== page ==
Girish Mahajan (Editor)

Birds of Prey (ski course)

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Eagle County, Colorado

Top elevation
11,427 ft (3,483 m)


2,470 ft (753 m)

Base elevation
8,957 ft (2,730 m)

Nearest city


Birds of Prey is a World Cup downhill ski course in the western United States, located at Beaver Creek, Colorado. A regular stop on the men's World Cup tour, the races in Beaver Creek are usually held in early December. The course hosted the Alpine World Championships in February 1999 and 2015. With lower starting gates, it is also used for Super-G and Giant Slalom races.


World class

The Birds of Prey course was developed for the 1999 World Championships, designed by 1972 Olympic champion Bernhard Russi. The first World Cup race was won by Kristian Ghedina of Italy in December 1997, but the course was then dominated by Austrians, led by the legendary Hermann Maier. He won three consecutive Birds of Prey downhills: the 1999 world title in front of 20,000 spectators, followed by World Cup victories in each of the next two seasons.

Birds of Prey (ski course) httpsuploadwikimediaorgwikipediacommonsthu

In December 2004, Americans Bode Miller and Daron Rahlves won the gold and silver in the World Cup downhill race, the first ever one-two finish for American men in a downhill, and the first in any event in over two decades, since Phil & Steve Mahre in the 1984 Olympic slalom. The two Americans switched positions on the podium the following year, as Rahlves joined Maier as a multiple winner. Miller joined them the next year and gained a third title on the course in December 2011.


For the World Cup downhill race in December 2012, the starting gate was at an elevation of 11,427 ft (3,483 m) above sea level with the finish line at 8,957 ft (2,730 m), a vertical drop of 2,470 ft (753 m). The course was 1.71 miles (2.752 km) in length, an average gradient of 27 percent (15 degrees), with a maximum gradient of 45 percent in the middle. Rahlves' time of 1:39.59 in December 2003 is the fastest in competition for the full course, an average speed of 61.0 miles per hour (98.2 km/h) and an average vertical descent of 24.9 feet (7.6 m) per second. The course that year had a vertical drop of 2,484 feet (757 m) and a length of 1.687 miles (2.715 km).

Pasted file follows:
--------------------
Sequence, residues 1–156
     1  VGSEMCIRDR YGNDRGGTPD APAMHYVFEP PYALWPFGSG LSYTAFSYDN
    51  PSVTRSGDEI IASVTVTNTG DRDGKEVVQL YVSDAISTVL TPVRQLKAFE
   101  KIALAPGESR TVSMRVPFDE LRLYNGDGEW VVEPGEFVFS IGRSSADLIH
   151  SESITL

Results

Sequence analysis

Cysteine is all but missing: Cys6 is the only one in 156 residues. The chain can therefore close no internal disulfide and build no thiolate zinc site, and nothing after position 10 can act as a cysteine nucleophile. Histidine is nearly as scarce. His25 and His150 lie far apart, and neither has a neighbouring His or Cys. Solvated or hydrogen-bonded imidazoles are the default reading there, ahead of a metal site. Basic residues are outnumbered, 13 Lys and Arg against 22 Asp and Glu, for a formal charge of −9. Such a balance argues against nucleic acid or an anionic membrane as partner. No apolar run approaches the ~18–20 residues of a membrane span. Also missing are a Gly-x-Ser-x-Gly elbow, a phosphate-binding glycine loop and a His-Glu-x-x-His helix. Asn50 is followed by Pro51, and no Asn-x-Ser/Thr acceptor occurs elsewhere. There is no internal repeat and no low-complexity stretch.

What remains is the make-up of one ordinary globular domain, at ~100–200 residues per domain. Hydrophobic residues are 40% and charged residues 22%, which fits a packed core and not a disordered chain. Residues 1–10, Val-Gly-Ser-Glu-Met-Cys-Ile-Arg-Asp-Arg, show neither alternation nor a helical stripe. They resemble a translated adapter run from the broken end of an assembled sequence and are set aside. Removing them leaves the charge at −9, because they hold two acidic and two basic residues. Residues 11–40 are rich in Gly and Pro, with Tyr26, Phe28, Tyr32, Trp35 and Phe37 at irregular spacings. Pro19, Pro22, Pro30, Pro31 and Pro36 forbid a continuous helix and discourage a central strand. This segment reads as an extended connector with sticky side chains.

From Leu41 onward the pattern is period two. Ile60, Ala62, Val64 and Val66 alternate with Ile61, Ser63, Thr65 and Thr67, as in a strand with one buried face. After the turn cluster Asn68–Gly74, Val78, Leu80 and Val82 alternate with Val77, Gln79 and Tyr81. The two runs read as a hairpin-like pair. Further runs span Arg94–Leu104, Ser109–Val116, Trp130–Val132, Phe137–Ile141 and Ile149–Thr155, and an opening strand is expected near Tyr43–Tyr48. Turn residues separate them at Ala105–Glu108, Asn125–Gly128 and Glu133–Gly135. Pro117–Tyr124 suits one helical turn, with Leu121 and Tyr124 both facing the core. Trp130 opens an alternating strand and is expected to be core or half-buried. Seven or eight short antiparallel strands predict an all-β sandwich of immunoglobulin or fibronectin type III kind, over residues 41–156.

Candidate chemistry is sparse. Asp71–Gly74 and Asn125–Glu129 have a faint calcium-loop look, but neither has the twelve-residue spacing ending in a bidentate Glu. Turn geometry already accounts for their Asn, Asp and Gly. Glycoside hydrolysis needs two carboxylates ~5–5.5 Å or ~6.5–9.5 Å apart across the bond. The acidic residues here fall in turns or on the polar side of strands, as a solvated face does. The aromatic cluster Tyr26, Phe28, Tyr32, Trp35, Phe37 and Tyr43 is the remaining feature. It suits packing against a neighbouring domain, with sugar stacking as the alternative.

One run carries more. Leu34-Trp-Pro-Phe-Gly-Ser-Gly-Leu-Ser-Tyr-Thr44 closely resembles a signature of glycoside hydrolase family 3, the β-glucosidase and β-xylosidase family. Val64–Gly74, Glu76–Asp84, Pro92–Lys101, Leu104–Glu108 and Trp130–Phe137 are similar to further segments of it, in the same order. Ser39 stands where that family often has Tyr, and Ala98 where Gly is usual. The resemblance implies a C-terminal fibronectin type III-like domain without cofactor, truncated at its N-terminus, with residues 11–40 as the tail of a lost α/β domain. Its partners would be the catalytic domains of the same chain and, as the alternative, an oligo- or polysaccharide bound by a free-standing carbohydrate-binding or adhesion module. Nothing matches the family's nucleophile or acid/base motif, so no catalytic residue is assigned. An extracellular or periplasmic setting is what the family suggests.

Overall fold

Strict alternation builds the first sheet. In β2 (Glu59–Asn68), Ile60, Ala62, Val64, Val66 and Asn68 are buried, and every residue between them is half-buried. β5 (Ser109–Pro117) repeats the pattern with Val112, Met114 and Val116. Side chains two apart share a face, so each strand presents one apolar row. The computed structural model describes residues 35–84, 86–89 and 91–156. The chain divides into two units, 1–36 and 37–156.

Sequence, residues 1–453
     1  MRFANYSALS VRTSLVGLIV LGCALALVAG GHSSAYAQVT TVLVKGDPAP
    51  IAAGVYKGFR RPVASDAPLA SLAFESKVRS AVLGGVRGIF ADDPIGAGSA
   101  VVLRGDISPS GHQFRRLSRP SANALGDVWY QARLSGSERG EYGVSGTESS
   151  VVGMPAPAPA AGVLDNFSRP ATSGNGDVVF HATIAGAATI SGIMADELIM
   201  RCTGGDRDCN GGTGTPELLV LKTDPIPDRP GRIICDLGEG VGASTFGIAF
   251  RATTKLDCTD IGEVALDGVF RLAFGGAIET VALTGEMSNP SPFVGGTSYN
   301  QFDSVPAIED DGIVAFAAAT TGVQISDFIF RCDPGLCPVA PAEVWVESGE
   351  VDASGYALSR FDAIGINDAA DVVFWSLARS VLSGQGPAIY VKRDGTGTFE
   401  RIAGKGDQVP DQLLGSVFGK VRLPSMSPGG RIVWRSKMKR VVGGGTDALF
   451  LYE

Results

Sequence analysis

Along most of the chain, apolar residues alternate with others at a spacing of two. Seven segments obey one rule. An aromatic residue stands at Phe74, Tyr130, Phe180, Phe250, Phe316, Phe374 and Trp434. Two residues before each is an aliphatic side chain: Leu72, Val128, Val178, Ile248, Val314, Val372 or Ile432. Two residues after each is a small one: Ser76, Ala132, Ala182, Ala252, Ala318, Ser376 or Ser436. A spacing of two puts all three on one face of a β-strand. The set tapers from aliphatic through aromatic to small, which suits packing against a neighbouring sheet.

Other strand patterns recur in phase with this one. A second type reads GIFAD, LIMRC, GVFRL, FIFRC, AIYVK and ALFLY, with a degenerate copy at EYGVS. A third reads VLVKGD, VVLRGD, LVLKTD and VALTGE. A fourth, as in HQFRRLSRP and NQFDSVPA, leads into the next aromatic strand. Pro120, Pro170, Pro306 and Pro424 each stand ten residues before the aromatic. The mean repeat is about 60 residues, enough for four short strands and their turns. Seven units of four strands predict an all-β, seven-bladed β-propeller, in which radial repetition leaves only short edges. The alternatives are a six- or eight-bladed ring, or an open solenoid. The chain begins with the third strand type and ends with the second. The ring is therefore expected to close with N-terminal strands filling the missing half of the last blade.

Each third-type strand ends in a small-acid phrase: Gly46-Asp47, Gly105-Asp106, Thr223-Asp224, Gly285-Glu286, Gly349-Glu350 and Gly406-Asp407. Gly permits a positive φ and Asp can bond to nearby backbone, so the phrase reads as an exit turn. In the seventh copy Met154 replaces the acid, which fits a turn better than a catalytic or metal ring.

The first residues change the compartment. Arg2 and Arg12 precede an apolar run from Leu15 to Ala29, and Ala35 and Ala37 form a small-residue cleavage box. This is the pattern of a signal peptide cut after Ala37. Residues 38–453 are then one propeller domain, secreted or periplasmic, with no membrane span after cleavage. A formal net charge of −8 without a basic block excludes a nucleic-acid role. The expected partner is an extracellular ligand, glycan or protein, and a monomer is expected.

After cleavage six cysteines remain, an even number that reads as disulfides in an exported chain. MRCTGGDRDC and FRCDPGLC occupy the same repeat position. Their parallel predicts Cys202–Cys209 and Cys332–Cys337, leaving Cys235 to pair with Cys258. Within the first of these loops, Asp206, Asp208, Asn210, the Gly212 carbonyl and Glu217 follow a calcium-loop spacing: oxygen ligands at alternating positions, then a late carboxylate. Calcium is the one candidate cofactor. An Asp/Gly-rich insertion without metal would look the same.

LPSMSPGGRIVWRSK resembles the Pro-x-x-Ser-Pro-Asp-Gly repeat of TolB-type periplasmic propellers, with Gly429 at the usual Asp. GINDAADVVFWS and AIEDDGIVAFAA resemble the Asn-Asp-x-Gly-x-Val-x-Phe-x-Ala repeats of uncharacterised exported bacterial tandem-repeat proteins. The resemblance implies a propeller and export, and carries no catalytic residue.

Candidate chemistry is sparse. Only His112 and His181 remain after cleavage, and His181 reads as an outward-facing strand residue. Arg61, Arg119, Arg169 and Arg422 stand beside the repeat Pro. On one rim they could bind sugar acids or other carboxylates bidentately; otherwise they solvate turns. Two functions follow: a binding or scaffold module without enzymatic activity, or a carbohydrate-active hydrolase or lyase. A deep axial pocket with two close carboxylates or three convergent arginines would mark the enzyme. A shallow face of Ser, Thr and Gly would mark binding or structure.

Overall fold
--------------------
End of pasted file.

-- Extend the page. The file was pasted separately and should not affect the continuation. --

The Red Tail Camp finish area is about 800 vertical feet (240 m) above the resort's main village.


The jumps of the race course adhere to the birds of prey theme: Peregrine, Screech Owl, Goshawk, Golden Eagle, Harrier, and the concluding Red Tail.

Super G

Birds of Prey (ski course) Birds of Prey Downhill POV Run YouTube

Due to a lack of snow in France in December 2011, the women's super G scheduled for Val-d'Isère was moved to the Birds of Prey course, which had hosted men's races the previous week. It was the first time that women had raced on the course. Hometown favorite Lindsey Vonn of Vail delighted the valley with her 46th World Cup victory, her first on U.S. snow. She became the first American to tally four consecutive World Cup victories; she swept the three speed events the previous week at Lake Louise, Alberta. Through the 2016 season, Vonn has 19 victories in North America, with a single resort record of 18 wins at Lake Louise. (The women's World Cup events in North America are usually late November technical events in Aspen, followed by multiple speed events in Canada at Lake Louise.)

New course

Adjacent to Birds of Prey on Beaver Creek Mountain, a new women's downhill course was built for the 2015 World Championships. Named Raptor, it hosted three women's World Cup events in November 2013, a test run for the world championships less than fifteen months later. Both speed events were won by Lara Gut of Switzerland.

World Cup – Men's Downhill

  • Multiple winners
  • 3 wins: Hermann Maier (includes 1999 world title), Bode Miller, Aksel Lund Svindal
  • 2 wins: Daron Rahlves
  • Video

  • You - The Birds of Prey Downhill - From Jalbert Production's The Thin Line
  • You - Hans Knauss - Audi Birds of Prey POV Downhill - December 2010
  • References

    Birds of Prey (ski course) Wikipedia

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